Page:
Maham Aftab, as you are familiar with, came up with the recursive Chebyshev Gradient polynomial set which does a great job of generating large numbers of polynomials, a great solution for rectangular apertures. You can also apply these to polygon apertures, but try to consider how this is impacted by the rectangular orthonormality of the base set (http://www.loft.optics.arizona.edu/documents/journal_articles/Aftab2019_Article_ModalDataProcessingForHighReso.pdf). A few comments on this approach, check in the slope domain to see if when you code it there is a scaling issue. The weighting factor referenced in the paper can be dropped when you code it. Recursive generation of these sets using a matrix approach is just stupidly resource intensive when coded in Matlab, I would recommend a vector approach or coding it in some other language.

You can also now find various fast Zernike polynomial set generators for fitting data. See:

Specifically, I think this recent article may be particularly useful to you:

Finally, @bdube has made an excellent open source optics engine called Prysm (https://prysm.readthedocs.io/en/stable/index.html) which offers many general optics tools, including a fast and stable wavefront fitting tool. I leave the technicalities of how this could be usable to you, but the tool offers Zernike, Chebyshev, and Lagrange fitting, all relating back to the Jacobi bases these share ( How Zernike, Legendre, and Chebychev Polynomials relate to Jacobi Polynomials). This is also something we are focused on providing in our toolset as we move forward (we also have suffered through slope fitting ).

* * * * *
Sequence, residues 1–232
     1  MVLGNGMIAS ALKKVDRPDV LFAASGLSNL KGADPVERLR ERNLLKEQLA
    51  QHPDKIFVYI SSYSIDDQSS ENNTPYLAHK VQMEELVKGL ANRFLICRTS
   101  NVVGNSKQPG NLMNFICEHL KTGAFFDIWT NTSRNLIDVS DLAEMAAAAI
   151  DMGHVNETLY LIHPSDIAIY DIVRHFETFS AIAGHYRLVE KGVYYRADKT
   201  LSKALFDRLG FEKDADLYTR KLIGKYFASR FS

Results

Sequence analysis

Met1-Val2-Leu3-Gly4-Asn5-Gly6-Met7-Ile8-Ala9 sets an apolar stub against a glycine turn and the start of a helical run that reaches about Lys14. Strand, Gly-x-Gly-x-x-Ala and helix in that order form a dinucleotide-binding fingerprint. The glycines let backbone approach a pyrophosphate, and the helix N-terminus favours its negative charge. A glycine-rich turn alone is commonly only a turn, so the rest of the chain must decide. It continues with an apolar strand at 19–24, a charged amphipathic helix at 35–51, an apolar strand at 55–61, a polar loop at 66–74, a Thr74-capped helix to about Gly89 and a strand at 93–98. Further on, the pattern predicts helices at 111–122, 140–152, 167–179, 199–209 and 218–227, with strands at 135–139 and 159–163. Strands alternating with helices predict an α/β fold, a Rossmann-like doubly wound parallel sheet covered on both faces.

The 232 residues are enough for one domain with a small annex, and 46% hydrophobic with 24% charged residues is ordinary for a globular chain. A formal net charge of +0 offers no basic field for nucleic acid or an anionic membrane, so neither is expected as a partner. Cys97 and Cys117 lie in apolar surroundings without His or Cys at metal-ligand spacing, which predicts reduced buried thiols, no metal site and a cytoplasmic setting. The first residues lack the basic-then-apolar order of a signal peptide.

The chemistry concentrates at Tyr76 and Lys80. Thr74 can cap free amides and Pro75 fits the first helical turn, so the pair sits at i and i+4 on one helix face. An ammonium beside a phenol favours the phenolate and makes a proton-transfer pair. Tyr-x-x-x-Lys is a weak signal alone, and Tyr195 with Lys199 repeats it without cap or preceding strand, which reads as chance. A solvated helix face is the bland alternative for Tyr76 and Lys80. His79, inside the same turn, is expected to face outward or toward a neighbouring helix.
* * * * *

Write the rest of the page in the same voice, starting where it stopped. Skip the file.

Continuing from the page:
**TL;DR: Slope fitting is complex, check out Maham’s method and particularly check out this recent paper for a Zernike approach: https://www.osapublishing.org/oe/fulltext.cfm?uri=oe-28-13-18876&id=432516**

This is a great question that I hope other members will chime in on. I will plan to write up a guide though in the near future on slope fitting methods!

o/ @Joel_David_Berkson fwiw, in the next release of prysm (pre-alpha now), I simplified and isolated all of the polynomial code (and made it ~5x faster, but I digress) – prysm/prysm/polynomials at v-020-dev · brandondube/prysm · GitHub